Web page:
In interviews, these revenue agents warned that unless they were free to pursue what their instincts tell them, their focus would end up being only on known abuses, and new ones created by the tax advice industry would go undetected.

The agency countered that it had increased the number of companies whose tax returns it examined by a fourth since 2001, even though the number of auditors was virtually the same.

Agency officials said this was accomplished by cutting back slightly on audits of the very largest companies, which produce more than 80 percent of all corporate profits, while increasing audits of those with assets of $10 million to $250 million.  At the same time, the officials say, they have shortened the average time to complete an audit from almost two years in 2001 to less than 18 months last year.

I.R.S. officials say the auditors who are complaining are mostly older agents unwilling to adopt new approaches.

Another, perhaps more critical, concern was that significant tax issues might have been overlooked because examinations were closed prematurely to meet initiative deadlines.  At least two Congressmen expressed this concern publicly in a letter[9] to the IRS Commissioner stating that, “In the face of the [approximately $345 billion annual] tax gap and our budget deficits, we can scarcely afford to leave billions of dollars of corporate taxes owed on the table.”

To evaluate whether significant tax issues were overlooked because examinations were closed too quickly, we reviewed 30 (24 IC and 6 CIC) judgmentally selected examinations closed during the initiative.  In 14 (47 percent) of the 30 cases, we found no evidence that examiners used the Case Analysis Worksheet (worksheet) that was specifically designed for the currency initiative to reduce the risk of missing significant tax issues.  Some of the 14 cases were in early or late stages of examination, with issues not yet identified or nearing completion, but the guidance for the worksheet did not provide an exception for such cases.  As displayed in Appendix V, the worksheet provided examiners with a risk analysis process to focus on a few high-risk compliance issues so the scope, depth, and length of examinations could be reduced.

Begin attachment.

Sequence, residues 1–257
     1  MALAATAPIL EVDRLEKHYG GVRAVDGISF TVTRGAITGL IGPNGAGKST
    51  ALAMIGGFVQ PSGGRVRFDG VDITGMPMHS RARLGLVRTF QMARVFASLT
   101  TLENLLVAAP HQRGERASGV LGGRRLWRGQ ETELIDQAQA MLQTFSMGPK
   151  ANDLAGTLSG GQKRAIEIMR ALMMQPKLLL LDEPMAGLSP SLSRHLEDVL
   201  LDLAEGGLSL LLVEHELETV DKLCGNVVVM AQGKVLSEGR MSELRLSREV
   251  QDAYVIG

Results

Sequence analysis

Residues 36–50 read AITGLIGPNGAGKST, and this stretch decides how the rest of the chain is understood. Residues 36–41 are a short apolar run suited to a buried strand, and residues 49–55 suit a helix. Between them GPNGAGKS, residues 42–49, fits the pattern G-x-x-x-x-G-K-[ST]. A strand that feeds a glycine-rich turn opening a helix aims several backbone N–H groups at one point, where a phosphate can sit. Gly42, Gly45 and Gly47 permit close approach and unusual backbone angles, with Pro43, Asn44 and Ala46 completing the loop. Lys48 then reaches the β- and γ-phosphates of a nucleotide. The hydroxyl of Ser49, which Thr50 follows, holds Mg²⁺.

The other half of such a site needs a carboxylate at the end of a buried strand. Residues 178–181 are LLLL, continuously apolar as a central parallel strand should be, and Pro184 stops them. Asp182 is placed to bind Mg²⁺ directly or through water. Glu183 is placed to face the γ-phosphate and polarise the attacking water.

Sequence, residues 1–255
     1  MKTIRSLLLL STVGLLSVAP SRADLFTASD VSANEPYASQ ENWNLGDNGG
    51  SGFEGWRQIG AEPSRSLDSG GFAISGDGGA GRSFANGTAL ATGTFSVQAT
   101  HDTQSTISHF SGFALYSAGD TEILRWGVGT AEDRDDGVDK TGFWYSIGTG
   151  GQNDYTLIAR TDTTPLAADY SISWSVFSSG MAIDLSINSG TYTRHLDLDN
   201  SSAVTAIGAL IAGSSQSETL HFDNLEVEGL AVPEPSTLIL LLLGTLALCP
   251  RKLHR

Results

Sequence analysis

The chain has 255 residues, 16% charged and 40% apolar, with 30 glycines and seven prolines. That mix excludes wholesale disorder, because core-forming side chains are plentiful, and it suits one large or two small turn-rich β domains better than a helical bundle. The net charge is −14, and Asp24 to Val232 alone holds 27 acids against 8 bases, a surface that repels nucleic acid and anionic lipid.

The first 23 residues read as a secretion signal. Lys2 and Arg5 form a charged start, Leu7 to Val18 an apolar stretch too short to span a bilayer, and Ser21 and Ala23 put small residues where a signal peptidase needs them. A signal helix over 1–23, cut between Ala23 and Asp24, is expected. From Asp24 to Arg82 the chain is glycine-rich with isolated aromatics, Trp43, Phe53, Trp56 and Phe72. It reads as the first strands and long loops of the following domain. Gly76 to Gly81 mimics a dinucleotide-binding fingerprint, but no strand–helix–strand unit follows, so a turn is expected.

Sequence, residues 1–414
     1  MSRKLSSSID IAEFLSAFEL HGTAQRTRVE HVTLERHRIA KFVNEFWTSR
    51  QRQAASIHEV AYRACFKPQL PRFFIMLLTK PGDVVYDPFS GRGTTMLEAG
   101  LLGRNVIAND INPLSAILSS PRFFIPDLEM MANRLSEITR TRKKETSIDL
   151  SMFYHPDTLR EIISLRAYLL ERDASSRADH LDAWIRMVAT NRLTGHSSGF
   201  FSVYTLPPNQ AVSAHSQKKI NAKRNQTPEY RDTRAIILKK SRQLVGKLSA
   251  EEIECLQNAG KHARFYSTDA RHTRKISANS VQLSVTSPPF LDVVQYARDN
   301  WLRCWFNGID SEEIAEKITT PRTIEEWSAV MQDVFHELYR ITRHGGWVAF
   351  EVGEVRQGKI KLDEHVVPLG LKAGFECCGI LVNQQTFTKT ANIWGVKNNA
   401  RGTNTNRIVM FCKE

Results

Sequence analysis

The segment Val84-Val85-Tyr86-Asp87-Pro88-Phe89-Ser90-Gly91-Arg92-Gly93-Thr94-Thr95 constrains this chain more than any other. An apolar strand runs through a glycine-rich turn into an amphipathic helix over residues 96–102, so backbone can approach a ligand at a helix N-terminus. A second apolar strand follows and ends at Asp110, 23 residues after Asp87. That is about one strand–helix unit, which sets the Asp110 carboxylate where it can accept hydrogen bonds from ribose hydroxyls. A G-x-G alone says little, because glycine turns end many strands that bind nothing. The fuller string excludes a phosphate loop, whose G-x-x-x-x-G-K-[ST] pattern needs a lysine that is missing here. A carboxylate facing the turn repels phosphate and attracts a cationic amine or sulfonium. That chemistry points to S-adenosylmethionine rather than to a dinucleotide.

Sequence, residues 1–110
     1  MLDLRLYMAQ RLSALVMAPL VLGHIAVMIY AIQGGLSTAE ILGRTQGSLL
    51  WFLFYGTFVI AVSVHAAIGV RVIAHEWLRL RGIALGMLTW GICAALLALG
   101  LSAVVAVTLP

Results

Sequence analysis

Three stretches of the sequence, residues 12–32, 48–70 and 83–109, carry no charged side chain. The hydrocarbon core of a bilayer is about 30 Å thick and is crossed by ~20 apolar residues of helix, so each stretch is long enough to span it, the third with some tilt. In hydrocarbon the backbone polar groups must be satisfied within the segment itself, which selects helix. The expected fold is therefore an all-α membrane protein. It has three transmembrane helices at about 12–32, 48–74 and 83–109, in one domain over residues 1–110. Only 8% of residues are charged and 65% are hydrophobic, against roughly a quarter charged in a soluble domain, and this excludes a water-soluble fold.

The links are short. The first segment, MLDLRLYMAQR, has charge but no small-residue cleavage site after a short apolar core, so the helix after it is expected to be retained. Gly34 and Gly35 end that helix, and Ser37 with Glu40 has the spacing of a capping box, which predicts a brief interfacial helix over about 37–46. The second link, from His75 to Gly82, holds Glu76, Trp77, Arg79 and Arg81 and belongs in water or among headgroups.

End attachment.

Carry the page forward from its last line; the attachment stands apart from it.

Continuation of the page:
We further evaluated the 30 cases by comparing the issues identified for examination during planning to those ultimately examined and identified 3 cases in which 1 or more issues were dropped from the examination with little or no supporting documentation.  ****1****

****1****

Of course, without access to the financial records for the 30 cases we reviewed, we cannot determine whether any of the corporations avoided paying additional taxes that might have been owed.  We also do not know if the issues identified in the 30 cases we reviewed were more widespread because the IRS was unable to retrieve all the closed case files we requested for the review in a timely manner.  However, we do know that, in retrospect, the LMSB Division could have more closely followed best practices and possibly addressed the challenges it experienced during the currency initiative.

More closely following key best practices might have reduced the challenges associated with the currency initiative

Best practices for process improvement initiatives include establishment of an overall framework with detailed steps for carrying out the various phases of an initiative.  For example, the Government Accountability Office (GAO) has developed and used a 20-step approach based on its Business Process Reengineering Assessment Guide[10] to evaluate earlier improvement initiatives in the IRS Small Business/Self-Employed Division.[11]  According to the GAO, the 20 steps included in its framework help to ensure that potential implementation obstacles are considered in planning, problems are pinpointed and addressed during implementation, and results are monitored and evaluated once the changes are implemented.